I hope you got the idea of how KNN calculates the distance between two points and decides which data point is nearest neighbor.

# Overfitting and Underfitting Cases in KNN:

## Overfitting:

As shown in the above image, if the value of K=1 the decision surface will look something like the above image. It will try to fit each and every point but in a real-time scenario those two red points which are outliers in yellow class should have classified as yellow points similarly one yellow point is also present in the red class region which should have been classified as red but since the value of K=1, it will try to map it to yellow. Just think if K=3 in that case the majority class will be red.

So if the value of K is less it will lead to overfitting.

## Underfitting:

If the value of K is very large it will lead to Underfitting.

For example, let’s say the value of K = Total Number of Data Points. In this case every time all the data points would become neighbors of the query point and whichever class is having more data points in the dataset will always be the winner in majority voting.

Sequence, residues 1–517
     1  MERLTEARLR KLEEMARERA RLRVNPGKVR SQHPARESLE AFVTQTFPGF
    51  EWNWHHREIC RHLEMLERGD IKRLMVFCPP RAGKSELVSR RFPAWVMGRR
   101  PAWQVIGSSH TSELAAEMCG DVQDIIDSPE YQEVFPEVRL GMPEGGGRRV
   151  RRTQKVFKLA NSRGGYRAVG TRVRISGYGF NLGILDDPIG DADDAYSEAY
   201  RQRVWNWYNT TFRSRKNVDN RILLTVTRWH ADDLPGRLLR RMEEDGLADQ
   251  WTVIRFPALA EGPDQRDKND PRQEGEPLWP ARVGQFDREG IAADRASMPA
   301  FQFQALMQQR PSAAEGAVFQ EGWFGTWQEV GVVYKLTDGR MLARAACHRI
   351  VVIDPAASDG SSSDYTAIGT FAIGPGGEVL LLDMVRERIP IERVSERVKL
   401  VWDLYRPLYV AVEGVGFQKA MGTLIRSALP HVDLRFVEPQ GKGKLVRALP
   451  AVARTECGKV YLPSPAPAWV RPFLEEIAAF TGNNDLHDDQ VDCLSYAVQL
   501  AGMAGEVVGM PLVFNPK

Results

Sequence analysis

So having a big value of K is never a good idea in KNN.

We should always try to find a trade-off between overfitting and underfitting.

# Regression in KNN:

The regression in KNN is also very simple.

Step 1: Get the nearest neighbors of the query point. Let’s say the target labels of the nearest data points are (y1, y2, y3).

Step 2: Calculate the mean of (y1,y2,y3) and get the results of regression for a query point. We are considering K=3 here that’s why we have only three dependent points (y1,y2,y3)

Now let’s see some of the limitations of KNN.

# Limitations of KNN:

- KNN takes a lot of space to store the data points for distance calculations which is a very big problem if you are dealing with a large dataset with millions of data points.
- KNN takes a long time to respond because it calculates the distance with all the points and looks for the nearest data points. If the data set size is large the time will increase. That is why it is also called a lazy learner because it memorizes the dataset and uses it for distance calculations.

Hope you enjoyed reading it! 🤗